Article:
Gone are the days of strolling past dry museum exhibits in neutral gallery spaces. Immersive experiences are becoming ever more popular, transporting the visitor into a different world and letting them experience all the sights, smells and textures that come with it. As part of the Nordic Matters season at Southbank Centre, Adventures in Moominland creates a magical space of total escapism, delving into the world of the moomins and exploring the legacy of their creator Tove Jansson.
The Moomins are oddly shaped, eccentric characters dreamt up by Swedish speaking Finnish artist Tove Jansson. The colourful drawings of the round, friendly characters fill the pages of children’s story books, but the moomin stories undoubtedly have a lasting appeal for adults too, creating a positive, humorous refuge from life’s struggles that values tolerance and kindness above all. Adventures in Moominland opens the pages of the Moomin books and transplants us straight into their world, mimicking the movements of Moomintroll, Moominmama, Moominpapa and a host of other charming characters.
With an expressive narration by Sandi Toksvig and a rousing musical score by Aki Rissanen, Adventures in Moominland leads us through many different locations from within and outside the books. Recreating scenes from stories such as Comet in Moominland and The Moomins and The Great Flood, each room presents a new enchanting theatrical set. Visitors crouch on wooden stools inside Snuffkin’s tent, take cover from a comet in a tiny cave, picnic on a reclusive Finnish archipelago and wander through the snow under the full moon in Nordic forests. Despite some light suggestions of danger, the experience always takes the visitor back to a comfortable, safe space, ensuring a happy ending for all and a reassuring experience for younger visitors.
Photo credit: Moomin Characters
Along the way we learn more about Jansson’s biography and see some of her original drawings, integrated into the exhibition in a variety of creative ways, stowed away to be discovered in treasure chests and picnic boxes. The exhibition seamlessly combines this fictional escapism with the fascinating elements of Jansson’s biography and her artistic mind. We watch a projected film inside the tent that describes how Tove’s original moomin characters started out as stereotypical monsters under your childhood bed, which she eventually softened into the loveable characters we know today. In a way, rather than simply reliving the moomin stories, the exhibition makes us feel as if we are taken straight into Tove’s imagination.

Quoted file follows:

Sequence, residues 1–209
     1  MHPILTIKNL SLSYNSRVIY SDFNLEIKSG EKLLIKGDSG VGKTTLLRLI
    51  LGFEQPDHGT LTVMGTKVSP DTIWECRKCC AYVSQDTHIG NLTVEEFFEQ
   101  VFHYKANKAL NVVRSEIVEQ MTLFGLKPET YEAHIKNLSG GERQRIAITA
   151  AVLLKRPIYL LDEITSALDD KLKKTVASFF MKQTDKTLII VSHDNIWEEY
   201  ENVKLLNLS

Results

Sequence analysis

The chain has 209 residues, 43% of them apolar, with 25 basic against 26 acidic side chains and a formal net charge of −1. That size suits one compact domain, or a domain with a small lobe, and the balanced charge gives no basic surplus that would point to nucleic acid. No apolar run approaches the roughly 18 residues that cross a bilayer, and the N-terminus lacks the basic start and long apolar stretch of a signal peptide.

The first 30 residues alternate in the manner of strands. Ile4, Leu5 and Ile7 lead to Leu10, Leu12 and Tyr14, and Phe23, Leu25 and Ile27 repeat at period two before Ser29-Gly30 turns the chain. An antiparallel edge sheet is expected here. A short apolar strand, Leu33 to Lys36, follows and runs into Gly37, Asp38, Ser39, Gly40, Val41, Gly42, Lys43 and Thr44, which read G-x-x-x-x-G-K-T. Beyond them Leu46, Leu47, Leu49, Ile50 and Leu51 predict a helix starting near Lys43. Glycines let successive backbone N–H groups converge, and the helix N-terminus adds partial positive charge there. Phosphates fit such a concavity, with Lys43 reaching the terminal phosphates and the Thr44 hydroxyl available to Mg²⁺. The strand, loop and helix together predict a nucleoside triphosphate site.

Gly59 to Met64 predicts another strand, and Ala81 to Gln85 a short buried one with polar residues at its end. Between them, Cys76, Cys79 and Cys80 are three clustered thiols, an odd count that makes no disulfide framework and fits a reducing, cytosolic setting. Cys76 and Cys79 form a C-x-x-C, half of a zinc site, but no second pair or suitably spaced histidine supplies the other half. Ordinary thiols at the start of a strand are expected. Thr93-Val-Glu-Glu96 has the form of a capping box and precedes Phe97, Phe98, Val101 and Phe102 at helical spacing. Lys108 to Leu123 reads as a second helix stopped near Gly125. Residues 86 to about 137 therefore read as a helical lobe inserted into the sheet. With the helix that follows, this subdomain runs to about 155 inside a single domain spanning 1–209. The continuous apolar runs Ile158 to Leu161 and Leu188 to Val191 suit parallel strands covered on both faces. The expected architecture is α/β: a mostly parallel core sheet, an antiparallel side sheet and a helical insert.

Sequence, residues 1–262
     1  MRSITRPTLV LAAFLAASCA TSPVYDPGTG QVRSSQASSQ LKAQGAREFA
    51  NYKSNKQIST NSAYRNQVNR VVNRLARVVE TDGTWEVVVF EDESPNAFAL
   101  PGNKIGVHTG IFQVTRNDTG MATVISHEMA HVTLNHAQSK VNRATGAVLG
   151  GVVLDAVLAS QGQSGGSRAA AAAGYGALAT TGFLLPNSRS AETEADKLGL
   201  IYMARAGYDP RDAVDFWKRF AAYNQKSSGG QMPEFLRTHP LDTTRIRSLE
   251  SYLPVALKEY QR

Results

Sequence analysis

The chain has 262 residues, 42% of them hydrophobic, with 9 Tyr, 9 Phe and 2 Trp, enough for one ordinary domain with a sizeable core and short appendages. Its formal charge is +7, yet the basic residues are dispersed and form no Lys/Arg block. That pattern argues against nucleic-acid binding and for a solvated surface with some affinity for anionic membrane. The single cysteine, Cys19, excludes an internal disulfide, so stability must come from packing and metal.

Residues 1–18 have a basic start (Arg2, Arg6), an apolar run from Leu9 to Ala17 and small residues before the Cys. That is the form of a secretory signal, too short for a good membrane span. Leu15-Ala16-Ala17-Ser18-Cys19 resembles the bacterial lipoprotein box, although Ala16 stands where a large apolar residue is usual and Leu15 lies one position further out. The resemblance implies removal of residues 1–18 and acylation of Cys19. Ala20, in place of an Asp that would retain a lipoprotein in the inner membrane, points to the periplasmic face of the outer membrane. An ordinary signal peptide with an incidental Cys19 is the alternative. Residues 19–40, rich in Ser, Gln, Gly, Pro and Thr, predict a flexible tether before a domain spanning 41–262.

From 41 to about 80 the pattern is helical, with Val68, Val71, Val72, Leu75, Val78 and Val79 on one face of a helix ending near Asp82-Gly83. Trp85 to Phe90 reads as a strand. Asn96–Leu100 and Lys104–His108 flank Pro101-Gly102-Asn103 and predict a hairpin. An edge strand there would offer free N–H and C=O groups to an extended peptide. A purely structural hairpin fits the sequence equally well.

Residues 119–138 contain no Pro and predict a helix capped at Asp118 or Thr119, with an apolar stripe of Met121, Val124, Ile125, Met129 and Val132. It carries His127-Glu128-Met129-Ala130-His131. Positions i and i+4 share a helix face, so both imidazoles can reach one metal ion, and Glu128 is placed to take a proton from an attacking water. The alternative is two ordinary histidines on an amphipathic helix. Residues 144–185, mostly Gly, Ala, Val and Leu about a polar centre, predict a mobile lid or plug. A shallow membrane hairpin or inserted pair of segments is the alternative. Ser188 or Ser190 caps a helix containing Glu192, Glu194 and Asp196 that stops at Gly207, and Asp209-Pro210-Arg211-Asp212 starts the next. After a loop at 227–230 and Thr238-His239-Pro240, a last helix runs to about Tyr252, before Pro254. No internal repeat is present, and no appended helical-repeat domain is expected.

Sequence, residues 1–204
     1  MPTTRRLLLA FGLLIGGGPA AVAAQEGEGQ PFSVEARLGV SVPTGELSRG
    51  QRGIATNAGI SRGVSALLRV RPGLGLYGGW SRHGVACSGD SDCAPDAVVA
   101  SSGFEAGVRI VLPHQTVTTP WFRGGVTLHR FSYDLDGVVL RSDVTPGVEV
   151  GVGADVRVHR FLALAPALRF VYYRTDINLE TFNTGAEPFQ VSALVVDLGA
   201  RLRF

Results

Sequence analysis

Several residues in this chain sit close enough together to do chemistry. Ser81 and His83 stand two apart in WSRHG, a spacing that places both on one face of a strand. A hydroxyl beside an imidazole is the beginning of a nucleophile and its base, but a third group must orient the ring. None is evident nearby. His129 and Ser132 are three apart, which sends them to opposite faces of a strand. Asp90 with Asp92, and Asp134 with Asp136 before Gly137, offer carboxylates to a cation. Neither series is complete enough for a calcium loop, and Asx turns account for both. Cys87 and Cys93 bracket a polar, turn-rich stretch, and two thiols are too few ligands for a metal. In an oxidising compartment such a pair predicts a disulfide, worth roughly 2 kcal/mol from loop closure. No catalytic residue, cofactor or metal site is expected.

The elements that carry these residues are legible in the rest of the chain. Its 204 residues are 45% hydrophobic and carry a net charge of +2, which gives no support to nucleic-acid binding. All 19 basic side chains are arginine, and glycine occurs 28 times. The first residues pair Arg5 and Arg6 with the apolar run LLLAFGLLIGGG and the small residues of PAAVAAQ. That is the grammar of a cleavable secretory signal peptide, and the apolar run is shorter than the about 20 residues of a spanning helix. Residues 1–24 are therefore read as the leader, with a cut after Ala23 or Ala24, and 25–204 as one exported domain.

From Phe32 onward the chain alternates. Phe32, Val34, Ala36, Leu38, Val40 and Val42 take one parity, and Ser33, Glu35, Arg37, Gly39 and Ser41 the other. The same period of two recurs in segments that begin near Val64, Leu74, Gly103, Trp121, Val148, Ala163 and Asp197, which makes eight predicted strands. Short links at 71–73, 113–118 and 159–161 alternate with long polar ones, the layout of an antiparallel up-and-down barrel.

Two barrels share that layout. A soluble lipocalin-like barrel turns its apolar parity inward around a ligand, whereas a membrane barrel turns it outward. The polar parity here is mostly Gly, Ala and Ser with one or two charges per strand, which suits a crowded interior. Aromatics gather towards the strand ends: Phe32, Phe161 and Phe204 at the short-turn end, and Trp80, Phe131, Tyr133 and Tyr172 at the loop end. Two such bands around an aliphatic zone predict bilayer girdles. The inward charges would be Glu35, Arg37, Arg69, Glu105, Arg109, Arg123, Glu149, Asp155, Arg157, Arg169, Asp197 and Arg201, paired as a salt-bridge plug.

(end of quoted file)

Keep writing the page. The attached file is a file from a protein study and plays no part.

Photo credit: Moomin Characters
The exhibition also explores how Tove’s moomin stories were influenced by events in her life. We learn that these were not just light, fluffy stories that served as easy, enjoyable fodder for children, but that they referenced a number of political and social events in Tove’s lifetime. Comet in Moominland presents the Moomin family in peril at the impending possibility of a comet hitting Moominvalley, undoubtedly inspired by the Hiroshima bombings the year before.
There is also a drawing on display of Thingumy and Bob, characters that were inspired by the love affair between Tove and Vivica Bandler. Admirably, the exhibition honestly and sensitively covers Jansson’s same sex relationships and the way in which these were affected by homosexuality being illegal in Finland at the time. It is impressive and necessary to see an exhibition mainly aimed at children normalise sexuality in this way, and it perfectly reflects the Moomin’s central moral message of tolerance for everyone.
Photo credits: Moomin Characters
Primarily, Adventures in Moominland is a celebration of creativity and the imagination. It’s a magical experience for children and adults alike, taking you straight back into the stories of childhood and creating lasting, fond memories. The level of detail and care that has gone into creating the sets and the narrative creates an undeniably magical experience, fluently interweaving Tove’s own story into that of the moomins, with a selection of truly precious and beautiful artefacts. Written in the aftermath of the Second World War, The Moomin series was in many ways a response to some of the darkest times the world has ever seen. It seems all the more powerful to tell their stories at the end of a year filled with social and political difficulties. Although it serves as true, effective escapism into Tove’s imagination, it also leaves us with an important message that art can truly make sense of these difficult times, and that love, respect and tolerance without boundaries is the most important thing of all.
Adventures in Moominland runs 16 December – 23 April 2017 at Southbank Centre. Tickets are between £13.50 and £16.50 find out more here.